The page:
The work underscores a few longstanding challenges in MS. Diagnosing the disease is hard. Doctors can’t predict whether someone will go on to have a mild form, or a quickly progressing one — yet treating the autoimmune condition early and with the right kind of drugs is the best way to slow its destruction.

The UCSF team mined a rich set of samples from the Department of Defense, which collects blood from soldiers when they are recruited and then throughout their military careers. Colin Zamecnik, who led the research, originally set out to look for some difference — he didn’t know what it might be--between those early samples and any collected after an MS diagnosis.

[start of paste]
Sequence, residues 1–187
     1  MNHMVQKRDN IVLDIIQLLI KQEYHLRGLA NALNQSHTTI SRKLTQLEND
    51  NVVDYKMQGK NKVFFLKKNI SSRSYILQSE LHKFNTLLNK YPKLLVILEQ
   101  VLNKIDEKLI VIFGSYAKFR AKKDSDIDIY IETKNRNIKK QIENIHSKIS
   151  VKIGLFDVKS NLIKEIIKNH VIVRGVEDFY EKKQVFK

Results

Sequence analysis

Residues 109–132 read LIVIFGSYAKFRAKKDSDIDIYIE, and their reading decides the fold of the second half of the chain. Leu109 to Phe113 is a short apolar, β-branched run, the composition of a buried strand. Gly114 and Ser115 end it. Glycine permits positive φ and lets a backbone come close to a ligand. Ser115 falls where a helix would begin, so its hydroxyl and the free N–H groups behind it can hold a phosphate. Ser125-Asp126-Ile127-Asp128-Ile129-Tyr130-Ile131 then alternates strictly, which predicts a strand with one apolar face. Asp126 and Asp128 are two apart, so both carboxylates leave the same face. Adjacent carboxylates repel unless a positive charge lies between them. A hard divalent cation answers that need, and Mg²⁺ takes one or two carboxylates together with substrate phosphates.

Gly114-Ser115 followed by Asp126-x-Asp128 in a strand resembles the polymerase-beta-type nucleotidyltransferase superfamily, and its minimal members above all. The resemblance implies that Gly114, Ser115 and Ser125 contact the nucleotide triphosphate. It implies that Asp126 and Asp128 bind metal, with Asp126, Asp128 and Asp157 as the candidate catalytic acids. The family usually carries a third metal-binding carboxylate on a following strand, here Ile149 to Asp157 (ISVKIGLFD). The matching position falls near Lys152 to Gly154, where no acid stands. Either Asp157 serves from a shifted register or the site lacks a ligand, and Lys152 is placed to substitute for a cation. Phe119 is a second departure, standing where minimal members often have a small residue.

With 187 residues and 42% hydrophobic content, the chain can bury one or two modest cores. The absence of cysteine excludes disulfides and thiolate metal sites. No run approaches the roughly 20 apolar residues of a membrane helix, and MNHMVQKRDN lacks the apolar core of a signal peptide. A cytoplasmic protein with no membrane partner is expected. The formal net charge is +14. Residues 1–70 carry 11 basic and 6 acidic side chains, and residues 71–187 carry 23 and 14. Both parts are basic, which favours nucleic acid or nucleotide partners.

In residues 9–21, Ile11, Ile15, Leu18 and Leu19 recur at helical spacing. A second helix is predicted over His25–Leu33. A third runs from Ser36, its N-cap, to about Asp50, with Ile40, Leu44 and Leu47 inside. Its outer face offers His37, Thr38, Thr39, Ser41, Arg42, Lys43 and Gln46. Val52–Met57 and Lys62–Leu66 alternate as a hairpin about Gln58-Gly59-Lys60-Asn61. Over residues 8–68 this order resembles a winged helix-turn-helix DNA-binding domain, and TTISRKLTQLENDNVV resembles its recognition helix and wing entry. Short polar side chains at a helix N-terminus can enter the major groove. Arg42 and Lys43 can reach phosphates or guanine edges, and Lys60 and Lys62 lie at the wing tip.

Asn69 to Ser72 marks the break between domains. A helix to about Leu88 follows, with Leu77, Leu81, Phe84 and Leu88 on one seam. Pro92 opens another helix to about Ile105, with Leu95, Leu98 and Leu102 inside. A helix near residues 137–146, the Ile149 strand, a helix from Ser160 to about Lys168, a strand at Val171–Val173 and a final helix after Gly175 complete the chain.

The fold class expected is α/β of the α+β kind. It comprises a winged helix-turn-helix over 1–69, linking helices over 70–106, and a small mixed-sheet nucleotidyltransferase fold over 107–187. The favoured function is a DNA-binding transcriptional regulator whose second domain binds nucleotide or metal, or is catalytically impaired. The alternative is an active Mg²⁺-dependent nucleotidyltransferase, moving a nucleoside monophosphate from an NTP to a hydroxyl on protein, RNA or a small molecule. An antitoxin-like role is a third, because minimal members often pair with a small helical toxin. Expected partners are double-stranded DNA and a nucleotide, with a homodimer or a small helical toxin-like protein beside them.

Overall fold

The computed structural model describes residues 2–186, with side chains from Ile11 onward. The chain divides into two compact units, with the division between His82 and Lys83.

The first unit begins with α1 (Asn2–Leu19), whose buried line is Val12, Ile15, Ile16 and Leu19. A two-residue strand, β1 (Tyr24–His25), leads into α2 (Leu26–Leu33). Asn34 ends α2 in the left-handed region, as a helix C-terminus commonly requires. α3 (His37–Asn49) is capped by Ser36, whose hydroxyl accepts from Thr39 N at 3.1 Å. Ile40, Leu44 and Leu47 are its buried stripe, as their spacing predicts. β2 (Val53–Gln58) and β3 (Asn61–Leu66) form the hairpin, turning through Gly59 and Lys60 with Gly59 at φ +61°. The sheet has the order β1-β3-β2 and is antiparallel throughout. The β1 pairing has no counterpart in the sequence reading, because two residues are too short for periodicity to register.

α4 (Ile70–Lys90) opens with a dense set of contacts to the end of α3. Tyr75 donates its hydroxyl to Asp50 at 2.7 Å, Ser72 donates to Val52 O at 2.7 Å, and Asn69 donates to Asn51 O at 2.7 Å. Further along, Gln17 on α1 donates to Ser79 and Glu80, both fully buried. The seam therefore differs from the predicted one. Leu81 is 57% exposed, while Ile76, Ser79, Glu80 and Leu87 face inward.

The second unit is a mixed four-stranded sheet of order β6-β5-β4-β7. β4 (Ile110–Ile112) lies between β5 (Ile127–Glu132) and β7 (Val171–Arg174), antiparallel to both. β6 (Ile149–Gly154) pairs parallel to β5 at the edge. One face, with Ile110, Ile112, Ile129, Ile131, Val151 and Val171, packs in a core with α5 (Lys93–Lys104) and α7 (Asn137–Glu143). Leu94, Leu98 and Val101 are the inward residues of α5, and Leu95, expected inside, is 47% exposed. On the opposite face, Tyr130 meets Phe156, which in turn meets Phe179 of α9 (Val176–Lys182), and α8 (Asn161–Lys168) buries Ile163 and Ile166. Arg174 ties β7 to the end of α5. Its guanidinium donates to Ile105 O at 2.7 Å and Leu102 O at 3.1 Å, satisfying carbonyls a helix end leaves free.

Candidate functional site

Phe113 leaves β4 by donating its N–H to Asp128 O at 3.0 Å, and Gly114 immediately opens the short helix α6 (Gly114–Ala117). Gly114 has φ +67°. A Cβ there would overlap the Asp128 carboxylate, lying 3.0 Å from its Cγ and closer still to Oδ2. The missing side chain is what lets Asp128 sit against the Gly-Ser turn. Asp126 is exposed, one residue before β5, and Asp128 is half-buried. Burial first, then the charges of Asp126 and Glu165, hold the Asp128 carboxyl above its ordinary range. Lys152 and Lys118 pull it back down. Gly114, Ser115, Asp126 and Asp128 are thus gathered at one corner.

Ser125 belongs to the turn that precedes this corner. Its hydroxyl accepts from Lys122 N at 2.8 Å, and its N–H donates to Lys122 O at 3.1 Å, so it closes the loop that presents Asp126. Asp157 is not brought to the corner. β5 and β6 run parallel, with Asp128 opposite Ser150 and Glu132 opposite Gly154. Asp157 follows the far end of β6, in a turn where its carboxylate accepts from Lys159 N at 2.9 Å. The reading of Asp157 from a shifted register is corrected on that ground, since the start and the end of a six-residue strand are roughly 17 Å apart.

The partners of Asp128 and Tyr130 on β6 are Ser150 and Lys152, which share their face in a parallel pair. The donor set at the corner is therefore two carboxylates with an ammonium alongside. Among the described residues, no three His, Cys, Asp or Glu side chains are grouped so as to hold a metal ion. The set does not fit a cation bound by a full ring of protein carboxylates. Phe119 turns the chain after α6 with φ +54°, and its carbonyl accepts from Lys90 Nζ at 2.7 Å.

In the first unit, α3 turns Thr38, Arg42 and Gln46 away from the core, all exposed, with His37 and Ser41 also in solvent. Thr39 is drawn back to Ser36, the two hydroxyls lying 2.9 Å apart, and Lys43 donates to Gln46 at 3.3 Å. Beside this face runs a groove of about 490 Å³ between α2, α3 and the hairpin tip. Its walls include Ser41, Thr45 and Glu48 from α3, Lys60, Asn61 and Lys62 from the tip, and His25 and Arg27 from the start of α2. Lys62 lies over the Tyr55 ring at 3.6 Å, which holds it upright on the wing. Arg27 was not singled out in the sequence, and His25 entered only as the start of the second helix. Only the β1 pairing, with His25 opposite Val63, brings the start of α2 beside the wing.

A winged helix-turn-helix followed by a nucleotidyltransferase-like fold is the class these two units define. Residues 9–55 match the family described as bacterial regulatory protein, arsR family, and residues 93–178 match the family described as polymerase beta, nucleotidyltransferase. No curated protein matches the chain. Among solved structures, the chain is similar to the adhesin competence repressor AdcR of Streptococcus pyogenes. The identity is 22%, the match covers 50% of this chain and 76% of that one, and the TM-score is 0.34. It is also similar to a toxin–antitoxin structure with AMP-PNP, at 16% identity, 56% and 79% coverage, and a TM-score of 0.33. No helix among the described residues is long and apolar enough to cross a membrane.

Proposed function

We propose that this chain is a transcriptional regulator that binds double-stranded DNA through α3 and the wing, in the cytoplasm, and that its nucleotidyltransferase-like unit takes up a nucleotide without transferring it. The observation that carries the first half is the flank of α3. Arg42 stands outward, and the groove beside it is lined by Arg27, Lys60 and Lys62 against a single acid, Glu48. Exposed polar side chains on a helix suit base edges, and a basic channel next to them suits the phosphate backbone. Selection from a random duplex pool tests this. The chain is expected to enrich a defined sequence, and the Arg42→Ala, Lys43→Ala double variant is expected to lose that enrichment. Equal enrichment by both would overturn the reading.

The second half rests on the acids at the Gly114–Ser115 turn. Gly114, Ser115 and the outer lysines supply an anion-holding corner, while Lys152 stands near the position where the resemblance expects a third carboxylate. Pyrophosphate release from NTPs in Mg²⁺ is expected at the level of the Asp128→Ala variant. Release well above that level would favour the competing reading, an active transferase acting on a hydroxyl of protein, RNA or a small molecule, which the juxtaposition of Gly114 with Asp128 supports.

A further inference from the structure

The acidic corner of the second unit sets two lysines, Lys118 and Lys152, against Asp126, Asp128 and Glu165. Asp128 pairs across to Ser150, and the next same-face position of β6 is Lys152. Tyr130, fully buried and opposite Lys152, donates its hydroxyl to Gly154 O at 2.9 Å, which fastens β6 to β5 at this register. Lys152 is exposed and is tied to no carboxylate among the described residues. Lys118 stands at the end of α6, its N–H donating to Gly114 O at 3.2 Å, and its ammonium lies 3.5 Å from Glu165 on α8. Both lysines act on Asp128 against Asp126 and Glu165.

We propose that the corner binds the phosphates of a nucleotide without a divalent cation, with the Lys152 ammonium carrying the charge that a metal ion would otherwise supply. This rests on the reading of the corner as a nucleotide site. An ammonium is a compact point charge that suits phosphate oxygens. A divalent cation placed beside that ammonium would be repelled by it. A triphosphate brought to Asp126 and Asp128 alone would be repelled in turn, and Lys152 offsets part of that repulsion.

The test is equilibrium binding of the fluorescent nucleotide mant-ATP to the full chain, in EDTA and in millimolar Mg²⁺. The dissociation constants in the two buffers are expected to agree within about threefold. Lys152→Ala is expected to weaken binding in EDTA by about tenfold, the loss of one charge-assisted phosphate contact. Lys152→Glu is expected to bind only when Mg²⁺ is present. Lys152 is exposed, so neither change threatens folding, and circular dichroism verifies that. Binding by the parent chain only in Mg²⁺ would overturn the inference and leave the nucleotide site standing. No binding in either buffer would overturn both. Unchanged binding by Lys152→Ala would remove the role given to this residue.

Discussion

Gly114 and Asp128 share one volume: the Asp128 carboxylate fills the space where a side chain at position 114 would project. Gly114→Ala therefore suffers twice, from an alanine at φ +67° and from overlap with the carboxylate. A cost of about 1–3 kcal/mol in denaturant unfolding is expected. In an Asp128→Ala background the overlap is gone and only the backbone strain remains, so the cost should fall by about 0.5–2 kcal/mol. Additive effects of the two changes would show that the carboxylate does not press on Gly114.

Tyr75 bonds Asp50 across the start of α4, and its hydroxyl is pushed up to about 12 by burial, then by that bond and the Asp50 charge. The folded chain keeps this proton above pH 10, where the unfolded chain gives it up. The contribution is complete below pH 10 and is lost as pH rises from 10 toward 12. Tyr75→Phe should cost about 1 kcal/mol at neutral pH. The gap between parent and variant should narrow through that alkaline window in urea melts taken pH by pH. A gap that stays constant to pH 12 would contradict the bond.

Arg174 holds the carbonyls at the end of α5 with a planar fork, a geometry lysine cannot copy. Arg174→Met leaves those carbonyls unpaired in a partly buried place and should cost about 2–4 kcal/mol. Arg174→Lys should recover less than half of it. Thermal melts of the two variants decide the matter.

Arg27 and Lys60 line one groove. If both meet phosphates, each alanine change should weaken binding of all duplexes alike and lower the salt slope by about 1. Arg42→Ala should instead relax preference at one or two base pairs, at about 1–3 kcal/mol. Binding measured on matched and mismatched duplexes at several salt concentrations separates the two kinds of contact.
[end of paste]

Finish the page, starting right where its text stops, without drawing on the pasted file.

Instead, to his surprise, he found a unique immune signature at both time points in about 10 per cent of people with MS. In other words, he says, something was going awry in their immune cells’ function years before their first episode.

That early warning sign neatly aligns with a growing body of research showing that MS begins to manifest long before symptoms appear. Researchers have found evidence that neurons are being damaged years before the disease makes itself known. Retrospective studies have observed that patients eventually diagnosed with MS initially show up at their doctor’s office complaining of other issues, like anxiety, fatigue or bladder problems. And a breakthrough 2022 paper from Harvard epidemiologist Albert Ascherio found that contracting Epstein Barr Virus increased the risk of developing MS thirtyfold — a finding echoed by the UCSF study, which also found evidence that immune system is reacting to something that looks a lot like EBV. (Ascherio’s work has led to the hope that an EBV vaccine could one day prevent the disease.)